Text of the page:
Safe Work Practice

The following is a guide for employer’s to use as a toolbox talk or safety meeting when discussing the COVID-19 virus with their worker’s on a construction site. 

Personal Responsibilities:

  • It is critical that individuals NOT report to work while they are experiencing illness symptoms such as fever, shortness of breath, sore throat, runny/stuffy nose, body aches, chills or fatigue.
  • Individuals should seek medical attention if they develop these symptoms.
  • Send home and ask them to seek medical attention call 811.

Social Distancing:

  • Do not host large group meetings, CDC recommends that we avoid gatherings of 10+ people; and when meeting, that we keep a 6-foot distance between people. Perform meetings online via conference call whenever possible.
  • To limit the number of people on a jobsite, allow non-essential personnel to work from home when possible.
  • Discourage hand-shaking and other contact greetings.

Job Site / Office Practices:

  • Communicate key CDC recommendations (and post signage where appropriate) to your staff and tradespeople.
  • Place signage that encourage staying at home when sick, cough and sneeze etiquette, and hand hygiene at the entrance to your workplace and in other workplace areas where they can be seen.
  • Supervisors should ask the following questions to all employees prior to entering the jobsite. If they answer ‘yes’ to any, they should be asked to leave the jobsite immediately.
    • Have you, or anyone in your family, been in contact with a person that has tested positive for COVID-19?
    • Have you, or anyone in your family been in contact with a person that is in the process of being tested for COVID-19?
    • Have you, or anyone in your family traveled outside Canada.
    • Have you been medically directed to self-quarantine due to possible exposure to COVID-19?
    • Are you having trouble breathing or have you had flu-like symptoms within the past 48 hours, including fever, cough, shortness of breath, sore throat, runny/stuffy nose, body aches, chills or fatigue?
  • Instruct employees to clean their hands often with an alcohol-based sanitizer that contains at least 60 – 95% alcohol or wash their hands with soap and water for at least 20 seconds. Soap and water should be used preferentially if hands are visibly dirty. Make sure they have adequate access to cleaning facilities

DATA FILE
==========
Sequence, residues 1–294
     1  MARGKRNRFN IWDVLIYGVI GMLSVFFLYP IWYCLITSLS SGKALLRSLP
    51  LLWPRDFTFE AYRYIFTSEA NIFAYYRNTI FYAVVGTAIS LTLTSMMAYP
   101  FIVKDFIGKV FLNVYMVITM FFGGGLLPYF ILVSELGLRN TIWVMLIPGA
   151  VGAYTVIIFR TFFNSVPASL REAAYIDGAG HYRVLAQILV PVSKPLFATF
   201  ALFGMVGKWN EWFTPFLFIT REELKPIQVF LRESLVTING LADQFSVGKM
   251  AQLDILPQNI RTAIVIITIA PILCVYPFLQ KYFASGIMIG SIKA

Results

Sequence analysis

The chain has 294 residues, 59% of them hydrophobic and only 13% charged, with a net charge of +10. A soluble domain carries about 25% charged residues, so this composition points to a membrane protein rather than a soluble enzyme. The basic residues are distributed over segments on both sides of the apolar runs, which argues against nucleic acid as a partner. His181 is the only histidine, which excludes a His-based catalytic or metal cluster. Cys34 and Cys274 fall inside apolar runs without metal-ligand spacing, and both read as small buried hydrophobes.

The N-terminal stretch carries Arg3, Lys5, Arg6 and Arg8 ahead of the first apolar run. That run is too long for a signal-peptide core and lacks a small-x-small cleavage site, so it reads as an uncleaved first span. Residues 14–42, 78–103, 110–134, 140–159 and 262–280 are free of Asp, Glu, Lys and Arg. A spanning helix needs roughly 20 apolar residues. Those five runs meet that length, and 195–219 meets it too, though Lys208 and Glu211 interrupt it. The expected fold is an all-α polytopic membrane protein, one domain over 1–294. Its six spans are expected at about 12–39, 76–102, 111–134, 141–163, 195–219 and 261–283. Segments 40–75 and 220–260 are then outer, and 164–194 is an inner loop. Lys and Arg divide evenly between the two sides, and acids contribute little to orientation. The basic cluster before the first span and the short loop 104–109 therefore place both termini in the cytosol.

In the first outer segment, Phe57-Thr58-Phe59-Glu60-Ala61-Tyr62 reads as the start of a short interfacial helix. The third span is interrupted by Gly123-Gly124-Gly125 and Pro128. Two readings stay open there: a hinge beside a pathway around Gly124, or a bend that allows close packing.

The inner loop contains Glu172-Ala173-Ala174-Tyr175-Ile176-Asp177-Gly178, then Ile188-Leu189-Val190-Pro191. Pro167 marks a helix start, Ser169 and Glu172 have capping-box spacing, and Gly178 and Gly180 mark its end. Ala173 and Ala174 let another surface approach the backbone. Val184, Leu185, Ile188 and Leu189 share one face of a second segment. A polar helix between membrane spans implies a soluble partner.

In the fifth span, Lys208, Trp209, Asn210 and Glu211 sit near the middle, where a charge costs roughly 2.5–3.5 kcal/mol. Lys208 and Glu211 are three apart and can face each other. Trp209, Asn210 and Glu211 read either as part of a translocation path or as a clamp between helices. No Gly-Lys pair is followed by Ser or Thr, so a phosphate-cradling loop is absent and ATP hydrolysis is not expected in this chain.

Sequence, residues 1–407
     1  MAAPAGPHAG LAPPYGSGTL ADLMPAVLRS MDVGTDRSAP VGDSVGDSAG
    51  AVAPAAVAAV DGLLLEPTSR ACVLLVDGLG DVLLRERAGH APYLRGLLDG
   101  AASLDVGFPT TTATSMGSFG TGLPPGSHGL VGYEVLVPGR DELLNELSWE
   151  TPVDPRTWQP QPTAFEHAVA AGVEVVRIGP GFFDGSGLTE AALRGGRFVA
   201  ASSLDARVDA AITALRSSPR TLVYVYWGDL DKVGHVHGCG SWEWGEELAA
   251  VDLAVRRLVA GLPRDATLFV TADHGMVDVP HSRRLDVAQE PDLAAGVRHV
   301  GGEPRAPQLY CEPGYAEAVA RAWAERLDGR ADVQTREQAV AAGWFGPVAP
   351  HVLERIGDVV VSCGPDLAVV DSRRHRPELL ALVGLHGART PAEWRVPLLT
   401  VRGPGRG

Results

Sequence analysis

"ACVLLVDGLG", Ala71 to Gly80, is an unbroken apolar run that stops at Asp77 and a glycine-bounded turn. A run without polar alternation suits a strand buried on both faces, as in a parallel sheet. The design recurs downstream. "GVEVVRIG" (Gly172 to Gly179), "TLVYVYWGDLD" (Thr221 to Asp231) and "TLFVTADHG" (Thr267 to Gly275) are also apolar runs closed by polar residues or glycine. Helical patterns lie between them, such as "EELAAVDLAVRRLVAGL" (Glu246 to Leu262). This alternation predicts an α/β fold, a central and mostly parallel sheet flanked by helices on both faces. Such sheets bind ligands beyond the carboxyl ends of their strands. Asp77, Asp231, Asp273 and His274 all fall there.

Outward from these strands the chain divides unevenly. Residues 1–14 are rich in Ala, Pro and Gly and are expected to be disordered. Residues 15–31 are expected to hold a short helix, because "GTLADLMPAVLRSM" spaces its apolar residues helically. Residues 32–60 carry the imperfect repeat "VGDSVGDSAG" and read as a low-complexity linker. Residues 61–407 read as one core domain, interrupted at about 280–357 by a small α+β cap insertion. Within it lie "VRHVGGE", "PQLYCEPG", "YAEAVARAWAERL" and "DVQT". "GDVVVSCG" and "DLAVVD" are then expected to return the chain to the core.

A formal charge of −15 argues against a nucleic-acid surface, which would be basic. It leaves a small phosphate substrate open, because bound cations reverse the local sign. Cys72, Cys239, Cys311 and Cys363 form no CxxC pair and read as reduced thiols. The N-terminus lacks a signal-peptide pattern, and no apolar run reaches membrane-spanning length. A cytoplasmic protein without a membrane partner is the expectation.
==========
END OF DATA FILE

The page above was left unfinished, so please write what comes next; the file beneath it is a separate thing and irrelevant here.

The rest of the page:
• Provide soap and water and alcohol-based rubs in the workplace. Ensure adequate supplies are maintained. Place hand rubs in multiple locations or in meeting rooms to encourage hand hygiene.
  • Do not congregate in lunch areas.
  • Do not share tools.
  • Do not share personal protective equipment (PPE).
  • Sanitize reusable PPE per manufacturer’s recommendation prior to each use.
  • Ensure used PPE is disposed of properly.
  • Utilize disposable gloves where appropriate; instruct workers to wash their hands after removing the gloves
  • Disinfect reusable supplies and equipment.
  • Identify specific locations and practices for daily trash such as paper, hand towels, food containers, etc. Instruct workers responsible for trash removal in proper PPE/hand washing practices.
  • Provide routine environmental cleaning (doorknobs, keyboards, counters, and other surfaces)
  • Do not use common water cooler. Provide individual water bottles or instruct workers to bring their own.
  • Instruct workers to change work clothes prior to arriving home, and to wash clothes in hot water with laundry sanitizer.
  • Don’t stack trades, if possible.
  • Utilize disposable hand towels and no-touch trash receptacles.
  • Request additional/increased sanitation (disinfecting) of portable toilets.
  • Avoid cleaning techniques, such as using pressurized air or water sprays, that may result in the generation of bioaerosols.

Manage Sick Employees:

  • Actively encourage sick employees to stay home.
  • Separate sick employees.
  • Communicate your company’s Human Resources practices for managing sick time related to COVID-19.
  • Refer to Government websites for information regarding pay/EI/Emergency funding

Planning Considerations for Employers:

  • Prepare for increased absenteeism
  • Cross train employees to handle other functions
  • Encourage employees to develop contingency plans for childcare in the event there are long term closures for day cares and schools.

Prepare for business interruption:

  • Identify alternative suppliers
  • Prioritize certain customers
  • Prepare to shut down certain functions